Stefan Says So: A Brand New Life (Yeo-Haeng-Ja)
Winner of the Best Asian Film Award at last year’s Tokyo International Film Festival, and screened out of competition at Cannes this year, writer-director Ounie Lecomte’s debut feature film is a semi-autobiographical tale of a young South Korean girl who got abandoned by her single dad to an orphanage where she yearns a life of normalcy, still harbouring hopes that she’ll be reunited with the only family she knows.
One can imagine just how much reference from Lecomte’s own life got written into the film. Being unable to speak Korean and has French as a first language herself, Lecomte’s tale follows the adventures of Jinhee (Kim Sae Ron), a precocious little girl who ends up in France which probably accounted for the director’s own language skills or the lack thereof in her native tongue, and throughout the story you’ll find it pretty heart-wrenching especially when Jinhee tries to resist blending into the scheme of things in the orphanage, knowing that to go with the flow will mean to surrender all memory of her loved one and life as she knew, to making herself appealing for a new foster family to pick her up for adoption.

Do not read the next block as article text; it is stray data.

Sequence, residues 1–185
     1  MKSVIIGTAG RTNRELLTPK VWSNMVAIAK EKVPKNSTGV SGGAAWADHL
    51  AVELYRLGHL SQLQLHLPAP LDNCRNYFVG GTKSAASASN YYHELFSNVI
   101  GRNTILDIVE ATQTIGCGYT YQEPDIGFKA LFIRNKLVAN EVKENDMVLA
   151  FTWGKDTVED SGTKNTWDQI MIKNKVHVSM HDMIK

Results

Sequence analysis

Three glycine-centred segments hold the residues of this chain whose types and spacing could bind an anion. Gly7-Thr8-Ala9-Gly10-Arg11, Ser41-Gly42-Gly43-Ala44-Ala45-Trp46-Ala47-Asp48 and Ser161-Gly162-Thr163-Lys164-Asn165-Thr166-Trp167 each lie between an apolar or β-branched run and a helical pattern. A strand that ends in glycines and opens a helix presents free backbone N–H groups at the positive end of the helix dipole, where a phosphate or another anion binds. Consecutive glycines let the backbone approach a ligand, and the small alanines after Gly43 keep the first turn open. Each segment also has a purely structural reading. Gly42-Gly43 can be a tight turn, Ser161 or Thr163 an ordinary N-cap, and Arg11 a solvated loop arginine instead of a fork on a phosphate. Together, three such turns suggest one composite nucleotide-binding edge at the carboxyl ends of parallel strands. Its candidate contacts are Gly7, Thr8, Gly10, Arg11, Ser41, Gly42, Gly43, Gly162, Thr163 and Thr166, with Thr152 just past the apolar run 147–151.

Thus beneath the exterior sweetness lies strong feelings of resentment and anger even, being unable to fathom how her dad can give her up so that she can supposedly lead a better life in a foster home in the mid 70s Korea, and likely one to be overseas given the kind of folks who drop by the orphanage to look for children to adopt.
The story’s episodic in nature as the orphanage serves as a temporary holding point in her life in between a giant leap of change, and flits between how Jinhee finds every opportunity to resist change, and how each time she embraces a little change through friendships forged, her heart gets broken all over again.
And having one’s heart broken too many times probably doesn’t bode well for a proper, balanced development, given that her trust with loved ones and friends got betrayed in the highest order. The gem and revelation of the film is the tour de force performance by Kim Sae Ron as Jinhee, who almost single-handedly lifts the film from start to finish giving an unbelievably strong performance for her age, dealing with the range of positive and negative emotions like a seasoned veteran.
You can’t help but to fall in love with the little girl, and share in her despair at being abandoned, and weep a little with her when promises made become shattered. Casting Sae Ron is a stroke of brilliance, as the actress’ performance was key to make or break this film, and thankfully, she was the miracle to breathe life into what was a straightforward story dealing with human emotions, nevermind the bleak landscape that spelt doom and gloom. This performance alone is well worth getting a ticket to the film.
For those interested, here’s the press conference clip from last year’s Tokyo International Film Festival where a Q&A session was conducted with Ounie Lecomte and Tetsuaki Matsue who won for his documentary Live Tape, which will make its Singapore debut during the Japanese Film Festival later this year.